I discovered quinoa (pronounced keen-wah) about 3 years ago. You’re going to read a lot here about how I discover new foods from foodblogs around the world and this is no exception. I cannot remember exactly where I first read about quinoa but I became obsessed. I watched video after video on how to cook it. Boil, steam, bake etc. I read dozens of recipes and did tons of research.
Finally, I took the plunge and bought myself a pack of organic superfood. The Quinoa. You can read all about the health promoting properties of quinoa here, here and many other places. Hence, I won’t say too much about it other than the fact that I do feel better having quinoa compared to plain starchy white rice.
Most recipes out there call for white quinoa and that is fine but I recently bought a pack of red quinoa and I tell you, it’s probably twice as tasty as the white. The price is equally as splendid (read: more expensive of course). So what I do is I buy a pack of white and a pack of red, mix them up in a container and voila! I get to have some of the nutty crunchy reds while not having to break the bank. Though yes, it is not the cheapest grain to have. I don’t have it everyday myself. Only when I’m feeling like having something more nutritious or when I’m up to it. I wish I could have it everyday but then it may be a little to harsh on the pockets. So I limit it to once in a while and I’m happy about it.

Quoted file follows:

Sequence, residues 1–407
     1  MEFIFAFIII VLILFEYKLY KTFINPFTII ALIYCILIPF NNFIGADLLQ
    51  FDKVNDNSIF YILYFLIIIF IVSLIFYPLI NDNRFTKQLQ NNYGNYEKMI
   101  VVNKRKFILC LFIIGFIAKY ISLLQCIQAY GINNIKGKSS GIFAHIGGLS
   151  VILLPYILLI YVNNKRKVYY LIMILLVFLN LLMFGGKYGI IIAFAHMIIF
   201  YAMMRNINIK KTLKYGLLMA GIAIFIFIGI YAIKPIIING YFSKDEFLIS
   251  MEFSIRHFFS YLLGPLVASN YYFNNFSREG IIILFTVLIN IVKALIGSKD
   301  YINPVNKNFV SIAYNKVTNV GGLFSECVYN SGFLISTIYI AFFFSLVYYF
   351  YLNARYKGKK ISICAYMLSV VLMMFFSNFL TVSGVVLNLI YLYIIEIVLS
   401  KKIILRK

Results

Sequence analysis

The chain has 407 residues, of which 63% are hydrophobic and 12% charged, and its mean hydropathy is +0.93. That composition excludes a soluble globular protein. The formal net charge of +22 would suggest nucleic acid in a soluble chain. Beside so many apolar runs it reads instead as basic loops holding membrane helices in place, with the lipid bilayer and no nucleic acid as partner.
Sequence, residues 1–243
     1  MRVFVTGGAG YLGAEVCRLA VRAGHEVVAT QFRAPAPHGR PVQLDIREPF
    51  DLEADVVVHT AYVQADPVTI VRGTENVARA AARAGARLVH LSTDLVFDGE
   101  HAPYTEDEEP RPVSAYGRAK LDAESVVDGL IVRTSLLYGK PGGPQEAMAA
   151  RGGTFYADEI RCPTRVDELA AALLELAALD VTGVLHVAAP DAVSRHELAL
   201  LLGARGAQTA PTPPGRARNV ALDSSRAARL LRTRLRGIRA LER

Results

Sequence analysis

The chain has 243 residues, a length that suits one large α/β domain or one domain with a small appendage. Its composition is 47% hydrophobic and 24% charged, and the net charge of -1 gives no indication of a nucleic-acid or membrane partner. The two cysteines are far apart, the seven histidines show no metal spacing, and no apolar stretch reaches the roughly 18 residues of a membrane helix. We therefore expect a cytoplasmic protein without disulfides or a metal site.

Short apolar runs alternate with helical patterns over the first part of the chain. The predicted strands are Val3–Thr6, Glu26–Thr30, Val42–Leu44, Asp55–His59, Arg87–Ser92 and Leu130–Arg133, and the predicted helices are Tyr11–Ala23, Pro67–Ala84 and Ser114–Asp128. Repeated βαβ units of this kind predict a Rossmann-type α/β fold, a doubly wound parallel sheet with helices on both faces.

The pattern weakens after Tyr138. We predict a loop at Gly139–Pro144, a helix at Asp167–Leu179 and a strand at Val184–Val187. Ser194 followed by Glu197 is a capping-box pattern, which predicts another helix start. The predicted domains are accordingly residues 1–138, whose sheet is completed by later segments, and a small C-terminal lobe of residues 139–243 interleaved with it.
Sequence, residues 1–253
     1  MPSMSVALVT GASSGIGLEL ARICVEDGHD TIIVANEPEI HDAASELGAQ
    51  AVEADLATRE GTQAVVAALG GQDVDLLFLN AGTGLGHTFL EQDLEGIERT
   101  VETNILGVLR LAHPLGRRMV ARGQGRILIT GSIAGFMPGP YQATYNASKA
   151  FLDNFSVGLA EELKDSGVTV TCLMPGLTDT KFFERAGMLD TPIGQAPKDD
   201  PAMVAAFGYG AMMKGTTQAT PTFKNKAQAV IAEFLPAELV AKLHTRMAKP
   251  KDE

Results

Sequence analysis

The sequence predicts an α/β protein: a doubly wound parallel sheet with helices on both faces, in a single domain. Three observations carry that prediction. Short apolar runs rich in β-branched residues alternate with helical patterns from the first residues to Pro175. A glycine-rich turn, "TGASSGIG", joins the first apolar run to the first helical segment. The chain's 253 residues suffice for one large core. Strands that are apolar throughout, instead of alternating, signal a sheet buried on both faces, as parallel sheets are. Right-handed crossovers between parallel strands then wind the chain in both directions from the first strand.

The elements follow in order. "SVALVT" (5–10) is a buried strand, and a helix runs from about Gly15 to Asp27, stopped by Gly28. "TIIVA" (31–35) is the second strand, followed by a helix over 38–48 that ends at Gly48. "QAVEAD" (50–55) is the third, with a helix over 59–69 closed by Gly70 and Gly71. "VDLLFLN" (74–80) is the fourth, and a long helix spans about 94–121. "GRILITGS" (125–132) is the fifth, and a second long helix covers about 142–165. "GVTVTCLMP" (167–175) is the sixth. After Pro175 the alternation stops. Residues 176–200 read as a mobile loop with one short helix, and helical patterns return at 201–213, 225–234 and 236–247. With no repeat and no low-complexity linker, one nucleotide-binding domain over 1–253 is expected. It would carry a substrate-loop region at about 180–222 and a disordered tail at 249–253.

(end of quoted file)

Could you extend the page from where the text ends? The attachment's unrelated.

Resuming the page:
I read that quinoa has a bitter coating around each individual grain to keep away birds and insects. Most quinoa I can find are organic and pre-washed so I have no worries. BUT having said that, I still give it a rinse. Just for a peace of mind. 🙂
Once most of the water has evaporated but the quinoa still looks damp, I’ll cover the pot fully and turn off the flame. Like rice, you need to let it sit covered so the quinoa steams and the excess water is absorbed. Now, quinoa swells up to 3 times it’s original size so 1/2 a cup goes a really, really long way. And it keeps me full for long too.
My bad for not having a close up picture of the finished product but you’ll see quinoa a lot on here so no worries.
I eat quinoa like how I eat rice. When you first try quinoa, you will be conscious of the difference of texture and flavour compared to rice. Quinoa’s grains don’t clump like rice. It’s almost like eating sesame seeds except that there’s a bit more fluff and texture. A friend’s baby has quinoa porridge everyday. Now, if a baby can take it, I’m sure you can.
If you do try it or is already hooked onto it, do share how you usually prepare it and what you usually have it with!
As my alma mater says, “Ancora Imparo”. 😉
“And the Lord said, If ye had faith as a grain of mustard seed, ye might say unto this sycamine tree, Be thou plucked up by the root, and be thou planted in the sea; and it should obey you.” (Luke 17:6)
1/2 cup Quinoa (I use a mix of white and red)
1 cup Water
a pinch of Salt
- Rinse quinoa under cool running water in a sieve or fine mesh colander.
- Pour water, quinoa and salt in a pan and bring to boil.
- Turn heat down to low, partially cover pan and let it simmer for about 10 minutes or until water is almost fully evaporated but grains are still damp.
- Cover pan and turn off flame. Let it sit for another 10 minutes to steam.
- Fluff with fork and serve like how you would rice.